We contacted our gas supplier and they came and put about 30cms of insulation on top of what we had. It was covered by a grant at the time so the cost was nil.
Although the current grant programme has been deemed a failure I think it’s still in effect. So you’d probably pay much less than the cost. I would start with your gas supplier as there are fairly strict guidelines as to who can install under the current programme.
If their quote is too high you can still DIY. By then you will know what depth of insulation is recommended.
The funding programme for loft insulation has in the past been ECO - Energy Company Obligation. In the mid 2010s the eligibility was massively cut back and rates of insulation across the UK dropped off a cliff. Unless you are receiving a benefit (JSA, Universal Credit, etc etc) you won’t get ECO. Child Benefit is eligible for ‘dual measures’ - which I think is usually an insulation PLUS a new boiler under certain conditions. There are companies working on behalf of energy companies so you can simply google it to find companies. However beware the work can be sloppy - to get it signed off and get it recorded on a EPC there only needs to be insulation for 1 metre surrounding the loft hatch.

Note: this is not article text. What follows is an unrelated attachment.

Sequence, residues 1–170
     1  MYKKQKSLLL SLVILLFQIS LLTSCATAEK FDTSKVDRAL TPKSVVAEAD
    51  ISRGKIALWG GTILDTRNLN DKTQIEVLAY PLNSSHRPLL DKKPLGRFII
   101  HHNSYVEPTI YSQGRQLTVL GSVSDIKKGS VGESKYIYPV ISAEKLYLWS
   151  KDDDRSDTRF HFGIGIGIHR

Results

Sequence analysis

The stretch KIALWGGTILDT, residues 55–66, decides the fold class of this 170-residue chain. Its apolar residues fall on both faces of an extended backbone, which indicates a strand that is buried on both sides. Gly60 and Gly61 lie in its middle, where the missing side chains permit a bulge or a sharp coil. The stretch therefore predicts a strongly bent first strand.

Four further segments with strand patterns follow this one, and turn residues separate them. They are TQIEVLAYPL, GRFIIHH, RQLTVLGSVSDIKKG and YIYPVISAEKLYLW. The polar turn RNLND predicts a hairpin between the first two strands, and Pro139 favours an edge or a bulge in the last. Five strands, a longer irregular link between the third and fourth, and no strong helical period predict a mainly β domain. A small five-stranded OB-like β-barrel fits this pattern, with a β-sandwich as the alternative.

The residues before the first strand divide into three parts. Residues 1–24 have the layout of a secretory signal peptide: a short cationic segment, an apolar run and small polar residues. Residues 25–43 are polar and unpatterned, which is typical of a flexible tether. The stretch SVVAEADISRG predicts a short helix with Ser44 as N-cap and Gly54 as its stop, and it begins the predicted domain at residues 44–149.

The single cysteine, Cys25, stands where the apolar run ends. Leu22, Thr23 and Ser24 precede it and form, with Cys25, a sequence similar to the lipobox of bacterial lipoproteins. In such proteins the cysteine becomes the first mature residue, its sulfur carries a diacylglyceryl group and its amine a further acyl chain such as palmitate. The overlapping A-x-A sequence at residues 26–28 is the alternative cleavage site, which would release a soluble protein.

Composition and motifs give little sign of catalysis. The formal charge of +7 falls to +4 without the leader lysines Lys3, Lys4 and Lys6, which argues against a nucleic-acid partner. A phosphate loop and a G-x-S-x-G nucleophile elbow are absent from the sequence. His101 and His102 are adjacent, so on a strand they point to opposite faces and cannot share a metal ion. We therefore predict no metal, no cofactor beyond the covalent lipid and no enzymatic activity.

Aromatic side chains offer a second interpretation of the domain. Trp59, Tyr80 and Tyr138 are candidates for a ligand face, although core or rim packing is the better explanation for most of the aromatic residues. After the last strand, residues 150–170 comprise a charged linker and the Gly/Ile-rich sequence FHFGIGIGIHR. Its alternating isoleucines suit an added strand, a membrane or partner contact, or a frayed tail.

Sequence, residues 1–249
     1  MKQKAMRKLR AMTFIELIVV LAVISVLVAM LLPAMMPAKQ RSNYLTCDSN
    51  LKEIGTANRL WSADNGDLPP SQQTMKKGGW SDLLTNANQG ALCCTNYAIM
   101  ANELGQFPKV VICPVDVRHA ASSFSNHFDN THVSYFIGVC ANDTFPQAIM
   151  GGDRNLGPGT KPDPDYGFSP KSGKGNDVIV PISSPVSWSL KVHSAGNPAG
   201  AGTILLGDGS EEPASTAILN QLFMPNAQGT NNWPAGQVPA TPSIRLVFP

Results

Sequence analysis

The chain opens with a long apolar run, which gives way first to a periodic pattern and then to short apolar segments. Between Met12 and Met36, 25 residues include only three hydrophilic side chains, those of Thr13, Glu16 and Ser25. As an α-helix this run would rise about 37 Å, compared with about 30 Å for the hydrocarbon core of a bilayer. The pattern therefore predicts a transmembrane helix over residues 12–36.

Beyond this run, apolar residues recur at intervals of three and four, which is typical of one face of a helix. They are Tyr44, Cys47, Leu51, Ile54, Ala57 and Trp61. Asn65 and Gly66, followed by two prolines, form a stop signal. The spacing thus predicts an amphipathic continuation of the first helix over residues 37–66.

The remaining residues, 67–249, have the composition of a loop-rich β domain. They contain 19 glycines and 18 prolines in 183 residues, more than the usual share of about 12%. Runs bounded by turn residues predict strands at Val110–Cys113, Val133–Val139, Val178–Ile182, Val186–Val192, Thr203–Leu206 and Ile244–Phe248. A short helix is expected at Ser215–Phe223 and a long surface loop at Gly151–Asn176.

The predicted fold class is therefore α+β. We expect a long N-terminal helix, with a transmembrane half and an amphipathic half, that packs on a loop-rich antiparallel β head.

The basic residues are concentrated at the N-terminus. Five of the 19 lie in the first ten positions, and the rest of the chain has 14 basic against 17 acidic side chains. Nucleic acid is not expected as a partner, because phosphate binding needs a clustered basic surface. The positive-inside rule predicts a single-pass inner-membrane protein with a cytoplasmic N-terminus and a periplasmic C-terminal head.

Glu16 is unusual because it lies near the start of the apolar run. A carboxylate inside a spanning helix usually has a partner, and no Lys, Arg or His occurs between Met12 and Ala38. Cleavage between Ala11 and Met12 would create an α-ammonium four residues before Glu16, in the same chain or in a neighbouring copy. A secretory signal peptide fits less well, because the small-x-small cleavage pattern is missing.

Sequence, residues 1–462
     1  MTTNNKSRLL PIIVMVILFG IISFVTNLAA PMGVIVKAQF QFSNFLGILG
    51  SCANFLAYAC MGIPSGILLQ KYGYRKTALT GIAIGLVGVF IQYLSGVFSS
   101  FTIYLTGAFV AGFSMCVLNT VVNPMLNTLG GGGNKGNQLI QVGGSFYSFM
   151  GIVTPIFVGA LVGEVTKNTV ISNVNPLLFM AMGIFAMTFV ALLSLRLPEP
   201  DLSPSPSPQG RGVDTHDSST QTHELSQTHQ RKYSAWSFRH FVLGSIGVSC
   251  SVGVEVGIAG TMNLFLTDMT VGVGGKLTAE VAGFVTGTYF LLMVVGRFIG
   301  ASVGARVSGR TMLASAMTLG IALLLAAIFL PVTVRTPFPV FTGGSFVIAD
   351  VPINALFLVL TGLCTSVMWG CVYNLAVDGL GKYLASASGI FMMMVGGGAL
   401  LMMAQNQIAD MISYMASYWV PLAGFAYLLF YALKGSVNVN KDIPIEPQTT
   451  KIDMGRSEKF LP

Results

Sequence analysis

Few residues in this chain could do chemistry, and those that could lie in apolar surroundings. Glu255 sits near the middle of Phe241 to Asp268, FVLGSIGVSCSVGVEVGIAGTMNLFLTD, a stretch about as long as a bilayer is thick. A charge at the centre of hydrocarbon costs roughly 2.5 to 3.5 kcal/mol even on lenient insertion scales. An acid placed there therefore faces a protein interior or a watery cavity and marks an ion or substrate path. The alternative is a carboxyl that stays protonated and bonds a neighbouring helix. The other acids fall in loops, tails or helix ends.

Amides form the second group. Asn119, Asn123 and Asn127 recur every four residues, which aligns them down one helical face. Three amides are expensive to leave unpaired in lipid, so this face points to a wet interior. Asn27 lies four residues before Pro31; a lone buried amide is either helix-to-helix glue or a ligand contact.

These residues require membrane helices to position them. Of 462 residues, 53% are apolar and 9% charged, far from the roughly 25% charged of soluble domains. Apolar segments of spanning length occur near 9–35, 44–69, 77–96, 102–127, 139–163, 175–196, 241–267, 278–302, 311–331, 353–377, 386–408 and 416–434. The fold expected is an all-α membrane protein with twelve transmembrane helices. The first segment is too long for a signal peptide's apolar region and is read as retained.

The top quality job for the loft is to incorporate air tightness and vapour control. Removing all insulation, putting heat/fire proof and air tight protection over downlighters and sealing around cable penetrations, and adding an insulated air tight loft hatch. Then you lay a vapour barrier membrane across and between the joists, and taping up the overlaps. Then after laying the insulatoin you put an airtight membrane over the top of the insulation to prevent air movement getting in or behind the insulation. Also ideally you would design wall insulation to be continuous with loft insulation. Example: Roof eaves: insulation & airtightness for a typical W. Yorkshire terraced house - YouTube
Most people don’t bother with this - I won’t in my current house - but this would be necessary for an AECB or Passivehouse standard retrofit.